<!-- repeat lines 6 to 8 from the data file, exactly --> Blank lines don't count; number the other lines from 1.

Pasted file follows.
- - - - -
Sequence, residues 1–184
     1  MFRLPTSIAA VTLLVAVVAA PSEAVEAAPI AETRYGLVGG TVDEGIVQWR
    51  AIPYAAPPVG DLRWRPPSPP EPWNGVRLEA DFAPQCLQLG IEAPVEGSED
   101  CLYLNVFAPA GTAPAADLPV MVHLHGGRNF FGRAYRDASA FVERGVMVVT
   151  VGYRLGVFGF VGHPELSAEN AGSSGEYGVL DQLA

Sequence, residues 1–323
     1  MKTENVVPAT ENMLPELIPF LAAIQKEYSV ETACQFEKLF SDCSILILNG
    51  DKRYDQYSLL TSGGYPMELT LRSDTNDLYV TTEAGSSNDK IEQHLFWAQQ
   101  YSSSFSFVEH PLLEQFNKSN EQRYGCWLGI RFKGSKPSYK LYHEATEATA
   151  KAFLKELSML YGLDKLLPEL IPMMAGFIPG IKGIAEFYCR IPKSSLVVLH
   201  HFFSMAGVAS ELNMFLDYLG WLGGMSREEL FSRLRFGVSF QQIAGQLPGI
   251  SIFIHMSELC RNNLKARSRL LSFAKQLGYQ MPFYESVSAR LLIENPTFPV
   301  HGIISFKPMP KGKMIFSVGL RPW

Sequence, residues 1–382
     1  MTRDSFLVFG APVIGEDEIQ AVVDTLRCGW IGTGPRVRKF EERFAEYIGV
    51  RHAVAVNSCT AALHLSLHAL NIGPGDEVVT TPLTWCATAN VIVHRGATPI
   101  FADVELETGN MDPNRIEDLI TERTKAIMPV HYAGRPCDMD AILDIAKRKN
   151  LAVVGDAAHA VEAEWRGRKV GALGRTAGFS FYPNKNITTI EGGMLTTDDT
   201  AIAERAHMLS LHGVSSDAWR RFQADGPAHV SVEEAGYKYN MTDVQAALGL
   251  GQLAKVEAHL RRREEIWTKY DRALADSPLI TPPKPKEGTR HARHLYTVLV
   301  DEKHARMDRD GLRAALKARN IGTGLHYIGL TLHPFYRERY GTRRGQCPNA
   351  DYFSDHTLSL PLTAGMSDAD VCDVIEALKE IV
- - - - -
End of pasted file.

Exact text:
Sequence, residues 1–323
     1  MKTENVVPAT ENMLPELIPF LAAIQKEYSV ETACQFEKLF SDCSILILNG
    51  DKRYDQYSLL TSGGYPMELT LRSDTNDLYV TTEAGSSNDK IEQHLFWAQQ